The diurnal and seasonal water cycles in the Amazon remain poorly simulated in general circulation models. Simulations using existing models exhibit peak evapotranspiration during the wrong season and rain occurring too early in the day. A team of researchers supported by the Terrestrial Ecosystem Science and Atmospheric System Research programs and using data from the GOAmazon campaign show that those biases are not present in an approach opposite to that taken by general circulation models, in which they resolve convection and parameterize large-scale circulation as a function of the resolved convection.
The ability to simulate the seasonality of the hydrologic cycle in the Amazon using this approach is attributed to (1) the representation of the morning fog layer, and (2) more accurate characterization of convection and its coupling with large-scale circulation. The morning fog layer, present during the wet season, but absent in the dry season, dramatically increases cloud albedo, which reduces evapotranspiration through its modulation of the surface energy budget. These results highlight the importance of the coupling between the energy and hydrological cycles and the key role of cloud albedo feedback for climates over tropical continents. The study indicates understanding of tropical climates over land can be considerably advanced by using coupled land–atmosphere models with explicit convection and parameterized large-scale dynamics.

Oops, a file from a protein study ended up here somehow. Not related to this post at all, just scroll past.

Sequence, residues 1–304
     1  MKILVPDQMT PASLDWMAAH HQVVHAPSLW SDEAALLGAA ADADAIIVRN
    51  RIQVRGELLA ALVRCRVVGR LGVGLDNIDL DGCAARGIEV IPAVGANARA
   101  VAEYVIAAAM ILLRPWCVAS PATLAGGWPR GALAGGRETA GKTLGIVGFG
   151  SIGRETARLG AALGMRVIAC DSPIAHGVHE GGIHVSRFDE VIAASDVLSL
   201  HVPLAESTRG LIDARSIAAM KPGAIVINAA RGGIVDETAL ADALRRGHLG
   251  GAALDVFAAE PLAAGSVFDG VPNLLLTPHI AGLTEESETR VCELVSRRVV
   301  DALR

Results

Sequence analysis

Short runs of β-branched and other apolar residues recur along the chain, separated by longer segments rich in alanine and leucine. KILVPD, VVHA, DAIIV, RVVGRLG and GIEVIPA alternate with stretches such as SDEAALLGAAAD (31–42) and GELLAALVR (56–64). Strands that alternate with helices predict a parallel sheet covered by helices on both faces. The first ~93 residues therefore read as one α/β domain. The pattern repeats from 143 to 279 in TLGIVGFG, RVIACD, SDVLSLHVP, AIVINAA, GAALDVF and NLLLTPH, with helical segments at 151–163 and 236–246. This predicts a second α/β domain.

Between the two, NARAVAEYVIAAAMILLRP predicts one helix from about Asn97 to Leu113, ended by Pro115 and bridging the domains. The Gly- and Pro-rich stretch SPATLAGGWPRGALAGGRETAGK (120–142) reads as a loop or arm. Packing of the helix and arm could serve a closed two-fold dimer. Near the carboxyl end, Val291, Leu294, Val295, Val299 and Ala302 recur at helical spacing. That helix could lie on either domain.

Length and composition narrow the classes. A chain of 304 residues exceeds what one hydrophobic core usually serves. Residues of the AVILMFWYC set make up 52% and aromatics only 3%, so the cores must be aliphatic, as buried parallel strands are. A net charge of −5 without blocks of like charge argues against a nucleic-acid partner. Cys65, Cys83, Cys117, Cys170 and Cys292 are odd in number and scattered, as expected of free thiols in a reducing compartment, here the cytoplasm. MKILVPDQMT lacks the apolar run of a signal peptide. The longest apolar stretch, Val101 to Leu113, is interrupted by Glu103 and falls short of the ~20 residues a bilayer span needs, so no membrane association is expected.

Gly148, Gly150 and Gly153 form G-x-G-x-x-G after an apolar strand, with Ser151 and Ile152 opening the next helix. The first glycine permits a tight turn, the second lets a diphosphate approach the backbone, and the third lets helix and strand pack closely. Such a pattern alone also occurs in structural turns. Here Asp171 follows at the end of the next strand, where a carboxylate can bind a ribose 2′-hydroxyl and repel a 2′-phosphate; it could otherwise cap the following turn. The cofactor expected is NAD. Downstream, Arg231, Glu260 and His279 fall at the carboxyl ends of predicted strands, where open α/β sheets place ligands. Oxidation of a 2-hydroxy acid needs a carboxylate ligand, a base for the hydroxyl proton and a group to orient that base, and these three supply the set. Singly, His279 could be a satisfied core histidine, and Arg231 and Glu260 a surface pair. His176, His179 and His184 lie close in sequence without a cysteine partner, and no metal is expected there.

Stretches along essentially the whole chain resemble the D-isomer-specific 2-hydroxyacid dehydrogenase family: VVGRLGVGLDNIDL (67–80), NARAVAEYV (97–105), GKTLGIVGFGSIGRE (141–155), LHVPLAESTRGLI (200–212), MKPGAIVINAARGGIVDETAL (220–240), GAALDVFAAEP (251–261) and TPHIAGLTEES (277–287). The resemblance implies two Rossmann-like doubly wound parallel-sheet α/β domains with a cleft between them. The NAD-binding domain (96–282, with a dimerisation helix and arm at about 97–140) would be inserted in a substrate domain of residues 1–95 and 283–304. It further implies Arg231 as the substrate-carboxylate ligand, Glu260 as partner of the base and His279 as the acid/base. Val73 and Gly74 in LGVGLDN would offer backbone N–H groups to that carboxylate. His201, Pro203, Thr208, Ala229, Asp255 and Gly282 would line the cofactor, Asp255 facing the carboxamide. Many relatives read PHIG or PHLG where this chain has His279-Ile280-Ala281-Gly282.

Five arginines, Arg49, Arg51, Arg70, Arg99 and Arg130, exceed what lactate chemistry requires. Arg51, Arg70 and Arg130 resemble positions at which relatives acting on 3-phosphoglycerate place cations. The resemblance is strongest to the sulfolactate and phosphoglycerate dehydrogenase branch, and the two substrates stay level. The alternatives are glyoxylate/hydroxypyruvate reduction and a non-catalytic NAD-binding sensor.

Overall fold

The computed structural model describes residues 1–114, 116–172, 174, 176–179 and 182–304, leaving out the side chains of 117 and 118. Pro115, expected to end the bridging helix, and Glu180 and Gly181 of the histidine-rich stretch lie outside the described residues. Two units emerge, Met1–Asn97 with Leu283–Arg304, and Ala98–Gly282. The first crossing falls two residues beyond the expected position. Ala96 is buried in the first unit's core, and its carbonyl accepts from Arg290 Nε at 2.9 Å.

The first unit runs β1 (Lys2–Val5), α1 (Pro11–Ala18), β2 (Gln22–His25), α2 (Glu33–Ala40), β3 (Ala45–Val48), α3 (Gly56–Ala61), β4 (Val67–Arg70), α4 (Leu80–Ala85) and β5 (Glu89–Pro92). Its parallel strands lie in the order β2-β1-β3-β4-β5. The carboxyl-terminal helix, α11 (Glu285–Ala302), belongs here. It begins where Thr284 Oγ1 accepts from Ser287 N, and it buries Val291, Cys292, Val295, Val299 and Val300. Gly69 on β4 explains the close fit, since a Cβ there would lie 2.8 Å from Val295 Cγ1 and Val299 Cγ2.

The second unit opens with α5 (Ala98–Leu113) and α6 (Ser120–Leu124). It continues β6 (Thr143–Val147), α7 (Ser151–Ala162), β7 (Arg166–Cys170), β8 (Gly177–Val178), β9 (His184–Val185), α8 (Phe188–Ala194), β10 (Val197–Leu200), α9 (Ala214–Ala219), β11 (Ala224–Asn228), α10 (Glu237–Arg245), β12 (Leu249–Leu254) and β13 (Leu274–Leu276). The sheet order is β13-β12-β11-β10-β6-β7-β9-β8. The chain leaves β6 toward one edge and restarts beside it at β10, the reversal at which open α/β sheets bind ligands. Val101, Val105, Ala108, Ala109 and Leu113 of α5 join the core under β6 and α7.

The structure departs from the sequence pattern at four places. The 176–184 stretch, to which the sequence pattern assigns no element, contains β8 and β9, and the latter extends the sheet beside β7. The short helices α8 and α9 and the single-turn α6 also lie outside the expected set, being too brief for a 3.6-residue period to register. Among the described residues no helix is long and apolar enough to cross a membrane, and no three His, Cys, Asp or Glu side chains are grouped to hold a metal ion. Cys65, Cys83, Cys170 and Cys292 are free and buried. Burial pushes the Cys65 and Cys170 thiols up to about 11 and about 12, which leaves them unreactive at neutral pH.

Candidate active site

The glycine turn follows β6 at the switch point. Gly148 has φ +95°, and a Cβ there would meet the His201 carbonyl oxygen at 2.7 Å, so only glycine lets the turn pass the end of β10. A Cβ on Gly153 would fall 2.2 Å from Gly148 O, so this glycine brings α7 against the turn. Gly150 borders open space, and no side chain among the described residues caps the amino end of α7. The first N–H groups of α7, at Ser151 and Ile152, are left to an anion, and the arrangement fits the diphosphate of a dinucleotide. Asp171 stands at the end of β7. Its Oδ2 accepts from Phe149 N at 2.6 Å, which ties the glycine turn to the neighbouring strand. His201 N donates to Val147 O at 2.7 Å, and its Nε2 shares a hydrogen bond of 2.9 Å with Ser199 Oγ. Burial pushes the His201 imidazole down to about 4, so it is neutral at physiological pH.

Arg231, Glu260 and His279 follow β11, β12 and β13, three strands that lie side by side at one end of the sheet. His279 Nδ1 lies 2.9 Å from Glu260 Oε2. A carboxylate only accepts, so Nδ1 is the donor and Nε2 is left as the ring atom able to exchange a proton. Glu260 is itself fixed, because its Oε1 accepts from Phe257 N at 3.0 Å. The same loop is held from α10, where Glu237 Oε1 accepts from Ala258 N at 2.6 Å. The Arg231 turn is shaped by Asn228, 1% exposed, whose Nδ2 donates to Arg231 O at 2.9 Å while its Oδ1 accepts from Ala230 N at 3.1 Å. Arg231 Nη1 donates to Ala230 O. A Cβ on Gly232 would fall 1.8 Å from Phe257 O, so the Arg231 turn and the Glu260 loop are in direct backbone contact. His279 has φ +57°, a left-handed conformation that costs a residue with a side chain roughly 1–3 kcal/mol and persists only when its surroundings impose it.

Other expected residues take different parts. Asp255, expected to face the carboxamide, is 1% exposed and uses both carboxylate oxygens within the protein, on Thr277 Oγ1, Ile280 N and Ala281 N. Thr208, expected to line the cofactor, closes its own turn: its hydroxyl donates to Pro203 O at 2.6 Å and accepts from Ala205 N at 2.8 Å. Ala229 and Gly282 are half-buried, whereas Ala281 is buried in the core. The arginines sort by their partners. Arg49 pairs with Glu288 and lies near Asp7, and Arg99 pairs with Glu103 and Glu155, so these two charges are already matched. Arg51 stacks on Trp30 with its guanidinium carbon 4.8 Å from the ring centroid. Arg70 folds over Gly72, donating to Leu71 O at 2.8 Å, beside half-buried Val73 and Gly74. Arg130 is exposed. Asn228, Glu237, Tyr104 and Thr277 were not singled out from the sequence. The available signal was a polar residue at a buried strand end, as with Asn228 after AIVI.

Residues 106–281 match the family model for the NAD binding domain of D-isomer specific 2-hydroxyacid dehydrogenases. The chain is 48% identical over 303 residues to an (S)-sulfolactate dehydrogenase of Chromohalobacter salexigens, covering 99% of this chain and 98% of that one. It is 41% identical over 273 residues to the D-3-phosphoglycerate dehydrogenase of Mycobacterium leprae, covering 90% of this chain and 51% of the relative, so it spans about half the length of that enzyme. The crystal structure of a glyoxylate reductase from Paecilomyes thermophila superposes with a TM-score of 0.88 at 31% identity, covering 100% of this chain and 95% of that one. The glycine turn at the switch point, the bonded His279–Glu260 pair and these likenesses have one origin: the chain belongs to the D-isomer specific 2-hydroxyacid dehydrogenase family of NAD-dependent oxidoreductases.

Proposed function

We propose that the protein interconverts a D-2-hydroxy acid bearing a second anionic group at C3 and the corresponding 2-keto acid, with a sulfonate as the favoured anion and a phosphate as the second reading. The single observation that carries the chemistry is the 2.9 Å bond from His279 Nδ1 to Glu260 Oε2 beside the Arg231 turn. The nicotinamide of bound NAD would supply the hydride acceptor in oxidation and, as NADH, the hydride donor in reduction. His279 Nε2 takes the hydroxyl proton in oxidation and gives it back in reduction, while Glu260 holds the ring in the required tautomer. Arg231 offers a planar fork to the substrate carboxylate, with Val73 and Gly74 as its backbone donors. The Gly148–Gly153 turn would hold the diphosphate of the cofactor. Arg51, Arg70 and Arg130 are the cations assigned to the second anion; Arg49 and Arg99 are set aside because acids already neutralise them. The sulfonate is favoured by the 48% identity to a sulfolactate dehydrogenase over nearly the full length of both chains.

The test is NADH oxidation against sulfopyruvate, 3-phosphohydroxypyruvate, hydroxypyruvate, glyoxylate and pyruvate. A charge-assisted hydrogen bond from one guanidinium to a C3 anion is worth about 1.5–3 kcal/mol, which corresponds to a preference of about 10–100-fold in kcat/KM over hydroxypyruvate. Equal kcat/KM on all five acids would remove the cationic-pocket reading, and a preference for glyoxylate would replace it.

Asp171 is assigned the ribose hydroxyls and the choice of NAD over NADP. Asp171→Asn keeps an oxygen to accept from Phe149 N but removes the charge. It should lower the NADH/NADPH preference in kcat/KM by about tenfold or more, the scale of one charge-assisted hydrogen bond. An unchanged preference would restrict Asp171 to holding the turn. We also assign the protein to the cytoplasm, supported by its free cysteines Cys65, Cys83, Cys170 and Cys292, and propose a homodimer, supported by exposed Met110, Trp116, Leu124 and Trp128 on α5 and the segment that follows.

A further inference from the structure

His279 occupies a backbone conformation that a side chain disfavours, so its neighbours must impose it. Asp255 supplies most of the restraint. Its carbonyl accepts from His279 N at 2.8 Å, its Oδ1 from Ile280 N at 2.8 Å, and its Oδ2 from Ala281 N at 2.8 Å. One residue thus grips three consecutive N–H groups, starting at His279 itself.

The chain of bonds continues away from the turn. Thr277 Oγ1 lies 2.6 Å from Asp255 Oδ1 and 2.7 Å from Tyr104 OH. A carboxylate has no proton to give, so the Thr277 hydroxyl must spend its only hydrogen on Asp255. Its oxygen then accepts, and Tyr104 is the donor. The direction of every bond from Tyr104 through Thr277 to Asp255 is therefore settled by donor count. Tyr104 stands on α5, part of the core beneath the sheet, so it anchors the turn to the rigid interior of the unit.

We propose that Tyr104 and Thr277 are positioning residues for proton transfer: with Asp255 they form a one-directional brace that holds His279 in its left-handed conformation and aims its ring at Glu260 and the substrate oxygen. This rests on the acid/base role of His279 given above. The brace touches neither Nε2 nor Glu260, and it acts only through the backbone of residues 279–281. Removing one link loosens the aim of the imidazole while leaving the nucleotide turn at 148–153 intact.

Reference: Anber, U., P. Gentine, S. Wang, and A. H. Sobel. 2015. “Fog and Rain in the Amazon,” Proceedings of the National Academy of Sciences (USA) 112(37), 11,473–477. DOI: 10.1073/pnas.1505077112. (Reference link)
Contact: Sally McFarlane, SC-23.1, (301) 903-0943, Daniel Stover, SC-23.1, (301) 903-0289, Ashley Williamson, SC-23.1, (301) 903-3120
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